“I know you did and I love you for it but I’m ready to take the plunge with you.”

“For better or for worse.”

“Yes.  We’ve been through the worse.  It can only get better from here on.”

She smiled and gently squeezed his hand.  “I believe so too.”

Marriage does not guarantee you will be together forever, it’s only paper. It takes love, respect, trust, understanding, friendship and faith in your relationship to make it last Marriage.com

This was written for the Ragtag Daily Prompts for today’s word, Continue.  If you’re interested in participating, click HERE for more information.

It’s How You Respond

Transitions themselves are not the issue, but how well you respond to their challenges Jim George

butterfly in hand on grass

Image by Dreamstime

What transition are you going through today?  Getting old is a big one.  You’re not as agile and flexible as before.  You ache in parts of your body you didn’t even know existed.  It’s important to be active.  Exercise is key.  And you have to deal with those annoying things called eye floaters.  It’s bad enough that you have to wear two pairs of glasses—one for reading and one for distance or bifocals and then to have to deal with black things in your eye…It’s possible to grow old gracefully but it takes effort and patience.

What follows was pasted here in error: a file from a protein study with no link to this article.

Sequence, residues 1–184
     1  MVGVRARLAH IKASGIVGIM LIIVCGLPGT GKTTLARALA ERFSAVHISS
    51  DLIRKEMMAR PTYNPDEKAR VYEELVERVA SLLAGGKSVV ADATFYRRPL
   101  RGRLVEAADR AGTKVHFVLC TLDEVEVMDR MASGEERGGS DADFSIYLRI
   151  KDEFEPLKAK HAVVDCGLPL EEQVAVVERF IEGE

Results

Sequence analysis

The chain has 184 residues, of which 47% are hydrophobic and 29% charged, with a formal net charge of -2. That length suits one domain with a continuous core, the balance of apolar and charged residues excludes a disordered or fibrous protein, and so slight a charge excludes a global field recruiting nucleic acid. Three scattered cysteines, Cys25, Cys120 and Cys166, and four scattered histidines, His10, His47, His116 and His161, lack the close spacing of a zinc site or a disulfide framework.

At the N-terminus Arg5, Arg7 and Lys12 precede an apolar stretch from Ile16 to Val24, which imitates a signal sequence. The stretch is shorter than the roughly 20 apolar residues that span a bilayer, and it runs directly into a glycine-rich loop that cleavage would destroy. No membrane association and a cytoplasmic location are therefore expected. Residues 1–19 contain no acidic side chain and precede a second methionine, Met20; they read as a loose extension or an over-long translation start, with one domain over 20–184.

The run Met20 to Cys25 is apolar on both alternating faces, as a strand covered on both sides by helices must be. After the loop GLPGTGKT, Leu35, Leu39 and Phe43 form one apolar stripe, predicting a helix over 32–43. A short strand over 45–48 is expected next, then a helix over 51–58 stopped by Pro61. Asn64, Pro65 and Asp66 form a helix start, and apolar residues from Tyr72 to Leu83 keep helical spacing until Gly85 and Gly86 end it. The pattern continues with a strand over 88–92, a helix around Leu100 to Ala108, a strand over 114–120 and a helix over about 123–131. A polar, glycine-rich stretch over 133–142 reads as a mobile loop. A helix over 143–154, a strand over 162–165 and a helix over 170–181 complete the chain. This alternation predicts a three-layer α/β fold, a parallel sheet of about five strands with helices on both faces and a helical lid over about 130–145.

For a lot of women, it’s hard to go from being married to being divorced.  My mother seemed to adjust fairly well but I remember that there were times when she expressed regret about the end of her marriage.  She never remarried.  My father remarried once.  It’s hard for the kids too because they lose one parent when the marriage is over.  They are raised by one and see the other at appointed times.  When your parents divorce, it’s like your entire world is falling apart.  For years I felt as if my father had abandoned me but when I was older and wiser, I was thankful that he didn’t stay with my mother for my sake.  I wouldn’t have wanted him to be unhappy on my account.

Transitioning from high-school to college or university can be a tough one.  For me, it was hard not being with my friends.  We all went to different colleges.  I was a bit of a loner on campus.  I didn’t join any clubs or socialize much.  I had one or two friends.  I was more immersed in my studies.  I worked hard and studied a lot.  I had great professors whose remarks on my papers were very encouraging.  I took my Major in Journalism and Minor in Art History.  And I graduated Cum Laude.  After leaving college, I had to find a job.  Unfortunately, I couldn’t find anything in my field but I never let that discourage me.  Over the years, I have worked at different companies and have been fortunate to meet lots of wonderful people.